Friday, 25 April 2014

Lord of the Rings (1978) 70's Marathon 7#


Directed by: Ralph Bakshi
128 Minutes
Animation, Fantasy
USA


One immediately thinks of Peter Jackson’s epic trilogy in the world of film, but many should know that this was one of Jackson’s influences for the film adaptation of J.R.R Tolkien’s adventurous novel. Ralph Bakshi’s adaptation when looking at it now is definitely sloppy in some areas, but by no means a ‘bad’ movie. You can see how he wants to do justice to this world of fantasy, and it must not have been an easy task at all. The films problem is this is a story that simply could not be told in a short time.


Bakshi originally wanted to split the film into two, but due to budget and time issues, it came out as one film. The films story follows the first two books, which makes the film troublesome already. The films budget was $5 million and they earned over $30 million, so by no means was the film financially unsuccessful. According to David Hughes book “Tales from Development Hell”(1), the backers of the film had pulled out, meaning the second film would not be made- which is what Bakshi had wanted. “They screwed me royally,” he said.

Bakshi said he would not make the film if the Tolkien family did not give him their blessing, and it is a surprise he got it; Bakshi brought films like Fritz the Cat (2) to the screen- the first X-Rated animated feature film.

What I did enjoy with the film is the sheer drive of passion you could see. The famous use of rotoscoping animation, which made Disney successful with films like Snow White and the Seven Dwarves, the adventure, the backdrops and an attempt to show all the characters as best they could; This alone made the film inevitably entertaining. However, the film suffers with so many issues. The film moves extremely fast, and the introduction of the characters is very weak- especially with Mary & Pippin who just pop-up suddenly if you ask me. There are so many characters in Tolkien’s middle-earth, and it would be incredibly hard to introduce them all in the space of 2 hours- and we can see Bakshi trying to speed the process up, with Gandalf in voice-over telling other characters about some characters so we get the information about them.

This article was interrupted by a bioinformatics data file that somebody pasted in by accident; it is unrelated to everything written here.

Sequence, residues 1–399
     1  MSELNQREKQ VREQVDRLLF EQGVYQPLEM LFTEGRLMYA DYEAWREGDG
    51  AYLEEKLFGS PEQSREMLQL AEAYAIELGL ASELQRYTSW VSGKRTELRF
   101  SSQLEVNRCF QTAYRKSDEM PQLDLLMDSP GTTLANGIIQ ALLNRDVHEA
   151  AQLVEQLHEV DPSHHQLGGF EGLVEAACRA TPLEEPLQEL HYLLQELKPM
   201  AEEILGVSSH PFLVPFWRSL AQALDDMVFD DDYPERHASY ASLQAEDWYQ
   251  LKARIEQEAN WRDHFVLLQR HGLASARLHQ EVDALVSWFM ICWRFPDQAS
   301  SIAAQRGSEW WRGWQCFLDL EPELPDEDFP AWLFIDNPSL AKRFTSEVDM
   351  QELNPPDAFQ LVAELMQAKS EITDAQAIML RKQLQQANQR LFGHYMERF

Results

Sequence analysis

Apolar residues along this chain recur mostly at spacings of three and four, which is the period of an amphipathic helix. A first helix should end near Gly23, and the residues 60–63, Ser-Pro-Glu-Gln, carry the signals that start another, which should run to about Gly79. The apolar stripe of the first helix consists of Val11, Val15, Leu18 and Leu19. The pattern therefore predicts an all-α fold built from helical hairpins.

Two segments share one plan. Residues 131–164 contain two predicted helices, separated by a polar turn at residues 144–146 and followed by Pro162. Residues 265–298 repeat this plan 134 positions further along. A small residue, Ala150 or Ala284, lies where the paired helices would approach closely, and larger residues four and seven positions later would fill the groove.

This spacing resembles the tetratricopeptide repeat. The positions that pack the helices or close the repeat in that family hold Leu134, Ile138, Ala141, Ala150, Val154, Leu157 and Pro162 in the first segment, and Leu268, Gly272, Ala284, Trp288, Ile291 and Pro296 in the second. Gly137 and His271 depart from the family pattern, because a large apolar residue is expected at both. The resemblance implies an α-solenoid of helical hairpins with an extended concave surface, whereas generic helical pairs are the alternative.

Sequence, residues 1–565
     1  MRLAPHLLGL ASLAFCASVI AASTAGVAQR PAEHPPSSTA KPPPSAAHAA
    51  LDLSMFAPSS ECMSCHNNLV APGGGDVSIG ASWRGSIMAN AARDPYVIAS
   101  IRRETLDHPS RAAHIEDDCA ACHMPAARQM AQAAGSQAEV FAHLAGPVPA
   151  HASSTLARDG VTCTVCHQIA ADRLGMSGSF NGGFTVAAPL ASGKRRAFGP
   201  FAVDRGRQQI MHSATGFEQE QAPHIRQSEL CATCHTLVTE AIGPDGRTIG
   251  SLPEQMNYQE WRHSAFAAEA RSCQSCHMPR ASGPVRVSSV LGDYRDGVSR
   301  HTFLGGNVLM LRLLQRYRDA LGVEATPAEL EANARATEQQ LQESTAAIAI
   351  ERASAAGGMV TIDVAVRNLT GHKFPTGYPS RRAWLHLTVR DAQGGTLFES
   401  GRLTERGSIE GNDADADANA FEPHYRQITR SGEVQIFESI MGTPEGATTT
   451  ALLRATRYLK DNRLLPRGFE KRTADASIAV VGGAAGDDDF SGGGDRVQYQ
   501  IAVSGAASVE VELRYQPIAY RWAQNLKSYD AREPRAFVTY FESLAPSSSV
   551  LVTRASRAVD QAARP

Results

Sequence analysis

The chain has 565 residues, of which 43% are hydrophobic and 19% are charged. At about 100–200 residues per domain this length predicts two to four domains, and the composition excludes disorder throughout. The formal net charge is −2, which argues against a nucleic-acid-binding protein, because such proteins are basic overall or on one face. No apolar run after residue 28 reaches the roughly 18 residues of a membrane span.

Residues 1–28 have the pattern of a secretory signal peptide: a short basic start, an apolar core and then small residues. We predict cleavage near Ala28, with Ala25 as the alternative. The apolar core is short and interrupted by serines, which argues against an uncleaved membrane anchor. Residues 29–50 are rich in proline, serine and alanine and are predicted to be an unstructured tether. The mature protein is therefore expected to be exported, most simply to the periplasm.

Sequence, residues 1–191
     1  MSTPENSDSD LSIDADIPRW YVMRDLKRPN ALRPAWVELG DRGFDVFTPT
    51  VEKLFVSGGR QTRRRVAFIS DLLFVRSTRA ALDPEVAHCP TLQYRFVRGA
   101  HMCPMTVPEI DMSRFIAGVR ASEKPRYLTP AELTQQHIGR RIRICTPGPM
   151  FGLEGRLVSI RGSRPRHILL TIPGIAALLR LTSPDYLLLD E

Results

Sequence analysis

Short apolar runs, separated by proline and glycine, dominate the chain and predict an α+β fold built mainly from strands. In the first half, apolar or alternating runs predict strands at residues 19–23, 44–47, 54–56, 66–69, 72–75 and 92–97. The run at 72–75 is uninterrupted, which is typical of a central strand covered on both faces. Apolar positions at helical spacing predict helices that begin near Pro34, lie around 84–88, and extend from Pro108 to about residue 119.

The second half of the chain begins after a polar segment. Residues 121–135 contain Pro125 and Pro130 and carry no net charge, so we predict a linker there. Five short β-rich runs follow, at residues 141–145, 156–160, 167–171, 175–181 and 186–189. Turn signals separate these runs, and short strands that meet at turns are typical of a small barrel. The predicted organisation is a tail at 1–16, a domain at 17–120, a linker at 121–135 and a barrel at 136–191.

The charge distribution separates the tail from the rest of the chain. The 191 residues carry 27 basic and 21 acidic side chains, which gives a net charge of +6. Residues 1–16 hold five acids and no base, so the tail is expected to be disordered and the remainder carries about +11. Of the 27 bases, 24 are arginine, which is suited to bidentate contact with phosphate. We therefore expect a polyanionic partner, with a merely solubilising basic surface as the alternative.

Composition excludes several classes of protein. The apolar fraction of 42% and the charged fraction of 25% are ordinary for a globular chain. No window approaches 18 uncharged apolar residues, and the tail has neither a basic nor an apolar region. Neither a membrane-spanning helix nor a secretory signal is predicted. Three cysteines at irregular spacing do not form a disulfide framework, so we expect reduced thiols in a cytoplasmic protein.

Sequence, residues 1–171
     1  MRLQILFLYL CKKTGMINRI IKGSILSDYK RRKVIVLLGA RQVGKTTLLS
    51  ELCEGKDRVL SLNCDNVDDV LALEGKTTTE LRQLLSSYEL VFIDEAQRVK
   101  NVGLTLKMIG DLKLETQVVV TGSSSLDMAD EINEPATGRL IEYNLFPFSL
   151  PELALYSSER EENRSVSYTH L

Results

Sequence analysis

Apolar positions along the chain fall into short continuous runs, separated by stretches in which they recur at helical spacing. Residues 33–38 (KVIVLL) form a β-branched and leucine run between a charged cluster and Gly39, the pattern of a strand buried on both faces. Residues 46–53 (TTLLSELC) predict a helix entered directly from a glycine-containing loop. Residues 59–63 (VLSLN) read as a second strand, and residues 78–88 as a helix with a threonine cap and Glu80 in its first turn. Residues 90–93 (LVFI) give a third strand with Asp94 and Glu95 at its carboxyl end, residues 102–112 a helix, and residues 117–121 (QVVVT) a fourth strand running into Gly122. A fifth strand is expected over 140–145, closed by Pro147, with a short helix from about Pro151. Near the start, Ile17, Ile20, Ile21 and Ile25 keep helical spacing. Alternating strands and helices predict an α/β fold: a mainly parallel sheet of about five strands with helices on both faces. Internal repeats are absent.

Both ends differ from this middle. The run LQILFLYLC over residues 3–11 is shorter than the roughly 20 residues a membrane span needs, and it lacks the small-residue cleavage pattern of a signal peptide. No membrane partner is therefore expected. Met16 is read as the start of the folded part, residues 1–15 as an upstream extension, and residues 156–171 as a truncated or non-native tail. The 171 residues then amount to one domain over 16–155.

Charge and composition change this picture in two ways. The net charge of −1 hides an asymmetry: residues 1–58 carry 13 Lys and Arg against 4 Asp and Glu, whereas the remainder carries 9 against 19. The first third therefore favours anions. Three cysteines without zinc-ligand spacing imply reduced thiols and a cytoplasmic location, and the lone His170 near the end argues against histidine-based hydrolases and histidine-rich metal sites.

The animation at times seems shoddy and dates, but as an alternative of the classic Disney animation, I found the animation not to be all bad. At least the lip-syncing was done okay. The action sequences are also entertaining to watch, that sometimes has a mixture of the live-action rotoscoping being used. This technique involved drawing over live-action footage, and with this film, I think it added to the film’s fantasy realm.

Overall, what the films real problem is it seems a tad too ambitious. If Bakshi had decided to make it an animated trilogy, I think the film would have turned in to a true classic. The film feels rushed at times, and sometimes feels like it has jumped 50 pages in the space of a minute. Nowadays it is being rediscovered thanks to the Internet, and many people during the late 70’s through to the 90’s do remember this film. I think all fans of the book should watch this film, and it is an essential for those who are fans of Jackson’s trilogy- here we can see the difficulties of adaptation, and the beginning of carrying an larger-than-life novel to the screen. 



(1) Tales From Development Hell is a book about several issues and problems that screenwriters and filmmakers have had trying to get their ideas and projects to the screen, including Lord of the Rings in the late 1960's, Darren Aronofsky's Batman: Year One and several others.

(2) Fritz the Cat is a gritty dark comedy about the adventures of the titular character, with scened of drug use, violence and nudity- some hate it some like it. After three viewings I think that it is a fairly good movie with some underlaying social messages, that shows the aftermath of the 1960's.

6.8/10 




The rotoscoping that creates a unique style.
 


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